'The difficulty for us is we take a different view about the euro. We didn't join. We think that single currencies really require single governments if they are going to work properly.

'We have to recognise that the euro is a project in enormous transition. It could go in any number of different ways.

No Entry

Blocking internet porn at the expense of civil liberties? UK government's plan deemed 'unrealistic'

© Kai-Otto Melau/AlamyOpt-in blocks to combat pornography can be easily avoided, say experts.
Civil liberties campaigners and technology experts join condemnation of 'opt-in' scheme favoured by children's charities

Proposals for a default block on internet pornography have been criticised as impractical and potentially counterproductive by technology experts and civil liberties campaigners, setting them at loggerheads with groups such as the NSPCC ahead of a potentially stormy government consultation.

David Cameron announced last week that the government would consult on methods to improve online child protection, including a system whereby filters on adult material were set as default. Anyone wanting to access such content would have to "opt in" with their internet service provider.

The idea, advocated by a number of MPs as the best way to safeguard minors, was the chief recommendation of an independent parliamentary inquiry into online child protection, chaired by Tory backbencher Claire Perry and published last month. It has also been vociferously championed by the Daily Mail.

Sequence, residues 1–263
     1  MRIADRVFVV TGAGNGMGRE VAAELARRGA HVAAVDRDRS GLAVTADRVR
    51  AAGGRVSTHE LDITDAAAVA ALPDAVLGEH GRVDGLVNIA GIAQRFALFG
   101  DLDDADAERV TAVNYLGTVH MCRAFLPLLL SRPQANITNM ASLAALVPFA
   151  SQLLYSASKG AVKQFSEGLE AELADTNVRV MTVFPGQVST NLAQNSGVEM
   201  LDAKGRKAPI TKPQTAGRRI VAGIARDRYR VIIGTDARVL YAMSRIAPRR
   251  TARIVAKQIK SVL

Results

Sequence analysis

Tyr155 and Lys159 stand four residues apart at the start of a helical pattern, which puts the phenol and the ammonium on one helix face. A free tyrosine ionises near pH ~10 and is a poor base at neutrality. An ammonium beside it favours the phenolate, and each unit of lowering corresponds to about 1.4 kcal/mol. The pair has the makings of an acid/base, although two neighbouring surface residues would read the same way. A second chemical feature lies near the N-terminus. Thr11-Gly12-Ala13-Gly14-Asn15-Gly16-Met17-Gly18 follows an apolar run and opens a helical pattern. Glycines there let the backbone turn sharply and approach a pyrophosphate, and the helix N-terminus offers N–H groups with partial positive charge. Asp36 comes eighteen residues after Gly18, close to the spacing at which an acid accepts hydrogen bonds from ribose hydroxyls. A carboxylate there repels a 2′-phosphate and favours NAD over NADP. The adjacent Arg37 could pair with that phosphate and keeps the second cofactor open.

But according to many in the technology community the proposal is unrealistic. They say that a combination of web-aware children and ever-resourceful pornography sites would leave a network-level block struggling to be effective.

Comment: The global push towards internet control has no greater ally than internet pornography. All healthy people would agree, with one third of boys now addicted to soul-crushing porn, that blocking children's access to it could be a good plan or at least a move in the right direction.

But do we really think governments give a damn what our children are watching online?

Beyond the Dutroux Affair: The reality of protected child abuse and snuff networks in a world ruled by psychopaths


British Intel MI5 And MI6 Behind Underwear Bomb Plot

Purported bomb maker Ibrahim Hassan al-Asiri
British intelligence agencies MI5 and MI6 were ultimately behind this week's contrived underwear bomb plot, it has been alleged by sources spoken to by London's The Telegraph.

MI5 reportedly recruited a British passport holder of Saudi origin with the mission to infiltrate Al Qaeda in the Arabian Peninsula, and gather intelligence which could be used to kill purported master bomb maker Ibrahim Hassan al-Asiri in a drone strike.

Once the double agent had been recruited, MI6 collaborated with Saudi intelligence and the asset was sent to Yemen, where he successfully infiltrated militants and walked away with the explosive device currently being analysed by the FBI in Virginia.

Upon completing his mission the man reportedly travelled from Yemen to Saudi Arabia, via the United Arab Emirates, where the underwear bomb was passed to the agent's British handlers. He also provided intelligence which was used to kill purported "director of external operations" for Al Qaeda, Fahd al-Quso, in a CIA drone strike in Yemen on Sunday.